I have been creating audio works for over 30 years and am largely inspired by the explorations of the early electronic musicians of the 1950s-1970s. My work begins with the sounds themselves, not with a preconceived notion, such as a score, and they are composed by working directly with the recording technology as instrument.
These albums contain works that use Musique Concréte and electronic techniques that explore the relationships between electronic and concrete sounds. Sources include field recordings, invented instruments, common household utensils, concrete and electronics.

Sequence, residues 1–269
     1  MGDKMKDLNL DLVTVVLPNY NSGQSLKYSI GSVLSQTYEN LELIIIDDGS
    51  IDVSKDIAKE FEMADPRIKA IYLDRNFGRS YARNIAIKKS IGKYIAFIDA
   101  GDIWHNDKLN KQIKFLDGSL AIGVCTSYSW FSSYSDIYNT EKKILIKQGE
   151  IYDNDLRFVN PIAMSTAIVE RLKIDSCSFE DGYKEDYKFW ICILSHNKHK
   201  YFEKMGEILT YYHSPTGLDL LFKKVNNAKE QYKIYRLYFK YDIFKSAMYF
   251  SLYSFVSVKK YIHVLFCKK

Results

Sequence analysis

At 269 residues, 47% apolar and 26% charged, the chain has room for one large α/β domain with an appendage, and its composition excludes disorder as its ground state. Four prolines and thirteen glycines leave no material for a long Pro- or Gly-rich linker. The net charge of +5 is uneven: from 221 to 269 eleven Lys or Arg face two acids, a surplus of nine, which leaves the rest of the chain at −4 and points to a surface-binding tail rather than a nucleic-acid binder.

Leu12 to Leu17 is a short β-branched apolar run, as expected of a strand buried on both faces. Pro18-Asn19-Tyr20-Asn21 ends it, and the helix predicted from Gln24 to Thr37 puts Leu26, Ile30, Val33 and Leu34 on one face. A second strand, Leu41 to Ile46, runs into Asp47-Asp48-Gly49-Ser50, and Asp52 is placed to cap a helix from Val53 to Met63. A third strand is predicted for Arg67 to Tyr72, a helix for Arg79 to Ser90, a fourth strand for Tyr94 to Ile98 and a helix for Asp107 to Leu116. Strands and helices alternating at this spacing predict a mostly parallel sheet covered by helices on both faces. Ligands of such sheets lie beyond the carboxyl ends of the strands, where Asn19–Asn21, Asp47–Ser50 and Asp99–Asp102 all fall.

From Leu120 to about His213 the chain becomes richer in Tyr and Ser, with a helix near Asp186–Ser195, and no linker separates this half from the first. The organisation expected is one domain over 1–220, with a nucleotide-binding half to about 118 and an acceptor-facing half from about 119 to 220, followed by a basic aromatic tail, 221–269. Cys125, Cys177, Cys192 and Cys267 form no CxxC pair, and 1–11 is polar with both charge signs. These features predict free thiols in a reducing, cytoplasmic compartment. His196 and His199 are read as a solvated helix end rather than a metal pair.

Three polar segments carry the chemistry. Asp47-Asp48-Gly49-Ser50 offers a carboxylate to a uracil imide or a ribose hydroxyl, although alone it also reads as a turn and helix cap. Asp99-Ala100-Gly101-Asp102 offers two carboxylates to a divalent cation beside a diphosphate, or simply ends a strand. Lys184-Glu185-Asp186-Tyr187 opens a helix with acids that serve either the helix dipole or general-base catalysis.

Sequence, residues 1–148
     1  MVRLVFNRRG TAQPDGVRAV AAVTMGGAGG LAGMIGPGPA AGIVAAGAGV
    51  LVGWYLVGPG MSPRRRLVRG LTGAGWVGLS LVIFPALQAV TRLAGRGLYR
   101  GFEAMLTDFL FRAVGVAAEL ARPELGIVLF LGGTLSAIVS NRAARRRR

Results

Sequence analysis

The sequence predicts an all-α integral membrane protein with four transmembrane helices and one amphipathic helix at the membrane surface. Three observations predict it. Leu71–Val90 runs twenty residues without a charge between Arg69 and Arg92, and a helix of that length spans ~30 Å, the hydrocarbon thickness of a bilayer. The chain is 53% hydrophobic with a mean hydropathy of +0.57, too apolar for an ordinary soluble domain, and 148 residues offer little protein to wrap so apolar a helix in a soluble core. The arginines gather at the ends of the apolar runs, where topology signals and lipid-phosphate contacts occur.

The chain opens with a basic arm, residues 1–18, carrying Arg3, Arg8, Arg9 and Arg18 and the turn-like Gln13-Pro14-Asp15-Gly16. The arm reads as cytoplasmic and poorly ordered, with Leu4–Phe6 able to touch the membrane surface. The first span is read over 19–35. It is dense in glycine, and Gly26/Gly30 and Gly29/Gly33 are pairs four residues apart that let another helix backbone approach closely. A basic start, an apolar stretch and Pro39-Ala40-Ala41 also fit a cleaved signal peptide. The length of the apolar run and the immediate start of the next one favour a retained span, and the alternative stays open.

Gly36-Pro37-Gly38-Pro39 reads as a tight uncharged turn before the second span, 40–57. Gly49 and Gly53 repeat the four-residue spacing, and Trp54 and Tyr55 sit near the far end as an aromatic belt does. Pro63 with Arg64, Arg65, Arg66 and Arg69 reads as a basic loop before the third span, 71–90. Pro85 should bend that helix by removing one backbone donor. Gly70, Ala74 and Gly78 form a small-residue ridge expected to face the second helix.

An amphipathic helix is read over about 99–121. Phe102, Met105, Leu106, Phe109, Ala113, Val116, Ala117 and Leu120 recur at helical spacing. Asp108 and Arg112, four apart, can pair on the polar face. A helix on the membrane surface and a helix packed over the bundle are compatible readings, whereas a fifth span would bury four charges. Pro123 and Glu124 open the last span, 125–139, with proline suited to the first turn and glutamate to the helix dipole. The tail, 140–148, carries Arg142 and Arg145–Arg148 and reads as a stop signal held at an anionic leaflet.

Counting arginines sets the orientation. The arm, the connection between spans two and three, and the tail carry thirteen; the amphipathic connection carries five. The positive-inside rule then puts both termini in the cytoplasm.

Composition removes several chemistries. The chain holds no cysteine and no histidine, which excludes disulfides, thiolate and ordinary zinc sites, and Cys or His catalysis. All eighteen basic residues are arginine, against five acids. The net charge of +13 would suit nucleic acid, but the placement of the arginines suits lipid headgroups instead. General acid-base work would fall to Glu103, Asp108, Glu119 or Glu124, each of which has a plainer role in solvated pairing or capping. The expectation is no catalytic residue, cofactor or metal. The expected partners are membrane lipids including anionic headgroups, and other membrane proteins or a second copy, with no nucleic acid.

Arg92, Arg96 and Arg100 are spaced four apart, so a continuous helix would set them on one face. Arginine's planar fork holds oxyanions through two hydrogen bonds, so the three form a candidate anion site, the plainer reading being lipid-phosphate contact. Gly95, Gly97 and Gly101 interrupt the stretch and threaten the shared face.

Phonography is the act of listening outside of the notion of identification. There is an interest in listening to sounds for an intrinsic value that does not have to relate to an understanding of the source. This is the primary difference between phonographers and field recordists, nature enthusiasts and radio journalists. There is a lack of concern for what the intent of the “object” is, the interest is in what it reveals to me as the observer. The connection to the source is not outlawed by any means but it is not of primary concern. (Read More)